Mr. Panetta has threatened that “the US is running out of patience”. Pakistan has rejected the statement of Mr. Panetta and has denied that there are any safe havens in Pakistan.
As the US retreats from Afghanistan, it is important to know that Pakistan’s role and influence will grow, not because od Dollars and Cents, but because of the simple fact that the Afghans have relations of blood, language and religion with Pakistan. These bonds of family overcome any temporary relationship based on transactions. The Pakistani Army shares bonds of history with those who live in the Khyber and beyond. No other army can do what the Pakistan Army can do there–because of the simple fact that the Pakistani soldiers hail from the same villages and towns.
Foriegn armies don’t hail from the the peaks and the valleys of the Hindu Kush.
Whether NATO supplies are restored or not, is not the point. The point is that America is leaving the Pamirs. $8 billion per year for the Afghan-National-Army-by-day and Talibs-by night will not ensure the survival of Mr. Karzai and his cabal.
Next year ISAF, NATO and US forces will begin a dramatic exodus. The Stars and Stripes will only have drones to hide the defeat and retreat. The drones will he heralded as a victory and big names will be bragged about.
There is widespread public support in Pakistan for the blockade imposed on NATO–to continue. All Pakistani talk show hosts are applauding the Pakistani move and want Islamabad to press the point, get an apology (with compensation) and some sort of a commitment from NATO that this should not happen again. It s bit complicate. The PPPP faces taunts from all sides for being complicit in the drone bombings.
- Three-quarters (70.8 percent) of FATA residents polled oppose U.S. drone strikes
- 47.8 percent of the respondents saying the strikes kill civilians (only 16.2 percent say they accurately kill militants).
- 9 out of 10 people in FATA oppose the U.S. military pursuing al-Qaeda and the Taliban in Pakistan
It has been about six months that the NATO supplies have been under suspension. Washington has asked Pakistan to expand the window of operations. It is now apparent that Islamabad has refused to change the “window” of operations for NATO to operate in. It is amazing that ISAF is worried about pockets in Pakistan and fails to explain who 90% of Afghanistan is in the hands of the Afghan National Resistance (Haqqanis, Hikmatyars, Taliban etc). Why focus on FATA and ignore Marja and Qandhar. Secure all of Afghanistan and the cross-border issues will melt away by themselves.
The issues are:
- Apology for attack on the Pakistani post
- Charges per truck for NATO and ISAF supplies. Pakistan wants $5000 per truck and the US wants to give $500 per truck
“We strongly believe that such statements are misplaced and unhelpful in bringing about peace and stability in the region”, said the spokesman at the Foreign Office of Pakistan.
He added ““We feel that the Secretary of Defence is oversimplifying some of the very complex issues we are all dealing with in our efforts against extremism and terrorism. These issues need to be seen in the context of overall peace and stability in Afghanistan and the broader region.”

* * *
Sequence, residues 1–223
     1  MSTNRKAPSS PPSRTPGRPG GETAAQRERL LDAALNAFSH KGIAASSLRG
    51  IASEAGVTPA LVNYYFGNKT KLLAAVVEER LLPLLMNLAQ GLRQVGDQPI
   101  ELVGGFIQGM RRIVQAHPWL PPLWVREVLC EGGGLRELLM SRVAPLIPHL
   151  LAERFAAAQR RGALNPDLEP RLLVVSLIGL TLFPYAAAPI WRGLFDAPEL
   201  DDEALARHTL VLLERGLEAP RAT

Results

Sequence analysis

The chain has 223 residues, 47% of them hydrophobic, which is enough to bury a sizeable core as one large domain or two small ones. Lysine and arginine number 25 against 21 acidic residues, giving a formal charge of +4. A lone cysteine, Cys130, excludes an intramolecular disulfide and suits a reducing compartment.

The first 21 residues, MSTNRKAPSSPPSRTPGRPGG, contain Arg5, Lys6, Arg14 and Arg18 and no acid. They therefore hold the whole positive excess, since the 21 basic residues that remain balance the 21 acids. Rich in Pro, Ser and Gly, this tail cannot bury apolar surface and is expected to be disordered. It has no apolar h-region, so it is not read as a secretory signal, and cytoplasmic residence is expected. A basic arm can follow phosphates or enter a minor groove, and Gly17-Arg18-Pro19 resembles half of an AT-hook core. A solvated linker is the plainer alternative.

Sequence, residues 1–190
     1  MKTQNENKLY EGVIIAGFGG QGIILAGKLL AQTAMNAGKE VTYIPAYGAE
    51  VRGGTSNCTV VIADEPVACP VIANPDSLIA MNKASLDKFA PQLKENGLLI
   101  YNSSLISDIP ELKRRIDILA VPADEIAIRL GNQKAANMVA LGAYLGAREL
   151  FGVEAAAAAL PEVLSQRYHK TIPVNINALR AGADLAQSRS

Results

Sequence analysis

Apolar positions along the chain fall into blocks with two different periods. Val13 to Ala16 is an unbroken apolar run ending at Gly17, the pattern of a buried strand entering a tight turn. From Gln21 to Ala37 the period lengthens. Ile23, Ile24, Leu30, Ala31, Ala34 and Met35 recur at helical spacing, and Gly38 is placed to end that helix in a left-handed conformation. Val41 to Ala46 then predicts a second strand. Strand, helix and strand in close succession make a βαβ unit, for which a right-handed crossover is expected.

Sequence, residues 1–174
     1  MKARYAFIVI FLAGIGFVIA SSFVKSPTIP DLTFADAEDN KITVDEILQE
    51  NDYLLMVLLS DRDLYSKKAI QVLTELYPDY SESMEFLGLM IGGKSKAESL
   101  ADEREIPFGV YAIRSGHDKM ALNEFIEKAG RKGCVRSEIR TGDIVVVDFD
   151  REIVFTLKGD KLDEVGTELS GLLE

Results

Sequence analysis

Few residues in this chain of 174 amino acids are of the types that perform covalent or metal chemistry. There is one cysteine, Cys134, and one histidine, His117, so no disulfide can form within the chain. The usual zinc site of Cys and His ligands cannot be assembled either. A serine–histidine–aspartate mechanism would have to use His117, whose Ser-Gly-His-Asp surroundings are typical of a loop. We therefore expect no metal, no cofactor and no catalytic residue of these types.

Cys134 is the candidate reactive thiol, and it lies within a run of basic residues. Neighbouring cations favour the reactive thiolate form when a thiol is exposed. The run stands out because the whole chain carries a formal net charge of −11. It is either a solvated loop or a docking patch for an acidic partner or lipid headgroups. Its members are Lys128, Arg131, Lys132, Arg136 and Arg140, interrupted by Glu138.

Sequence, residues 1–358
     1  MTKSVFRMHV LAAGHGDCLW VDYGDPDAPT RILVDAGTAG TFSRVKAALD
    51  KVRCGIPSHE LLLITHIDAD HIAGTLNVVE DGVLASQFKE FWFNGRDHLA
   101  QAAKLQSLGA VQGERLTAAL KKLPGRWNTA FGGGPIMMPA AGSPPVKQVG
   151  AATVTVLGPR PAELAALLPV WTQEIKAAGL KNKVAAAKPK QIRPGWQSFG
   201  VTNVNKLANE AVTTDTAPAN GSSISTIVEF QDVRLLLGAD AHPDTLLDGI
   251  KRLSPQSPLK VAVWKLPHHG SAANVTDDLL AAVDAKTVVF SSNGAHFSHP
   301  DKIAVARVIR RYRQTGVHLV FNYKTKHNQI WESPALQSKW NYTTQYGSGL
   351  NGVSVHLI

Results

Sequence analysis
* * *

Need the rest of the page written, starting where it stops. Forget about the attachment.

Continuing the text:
The spokesman also poignantly pointed out that “It is for the US itself to explain why it is not declaring the Haqqani network an international terrorist group”.
The story by Karin Brulliard of the Washington Post describes it prodigiously “The helicopter strike, which Pakistan says killed three of its soldiers, is widely seen here as proof that the U.S. alliance with Pakistan is based solely on self-serving security interests…It did not help that the airstrike came at the end of a month in which the CIA targeted Pakistan’s militant-riddled tribal areas with a record number of drone strikes…A U.S. official, on the other hand, said the public relations damage would probably not extend to the Pakistani army.
‘It undermines all we’ve done in flood relief, it undermines all we’ve done with the civilian government, which is the centerpiece of our foreign policy,” said the official, who spoke candidly on the condition of anonymity. “I don’t know if this kind of thing undermines the civilian government, but it does hold out the military as the real defender of the nation.’ ”
The Washington Post report further says “Pakistan denounced the airstrike as a violation of its sovereignty, expressing its protest through an ongoing blockade of a vital border crossing for NATO trucks, though officials have said the closure is also meant to prevent attacks on convoys.
Even so, the strike has led to calls for ending the alliance with the United States and support for its war in Afghanistan, which many Pakistanis view as the catalyst for Pakistani instability. In a newspaper interview, a brother of one of the Pakistani soldiers who died said the attack “amounted to a declaration of war.”
“Pakistan is the only coalition partner that is being targeted by the U.S. itself,” Sher Baz Khan, a 32-year-old student, said in an interview Tuesday in the northwestern city of Charsadda.”
The Washington Post report furthers says that “Some Pakistani government officials and politicians also view the NATO air incursions as part of a U.S. campaign to bully them”
- “How far can Pakistan be pushed?
- We have to survive as a country and as a government,” a senior Pakistani official said.
- “People across the board are saying that one rash action has wiped out all the good feelings toward the U.S. during and post-flood.”
- Rifaat Hussain, a defense and security studies professor in Islamabad, said the NATO airstrikes would make that mission harder.
- So, too, he said, will moves such as President Obama’s scheduled visit next month to India, Pakistan’s archrival, which is viewed in Pakistan as a snub, he said.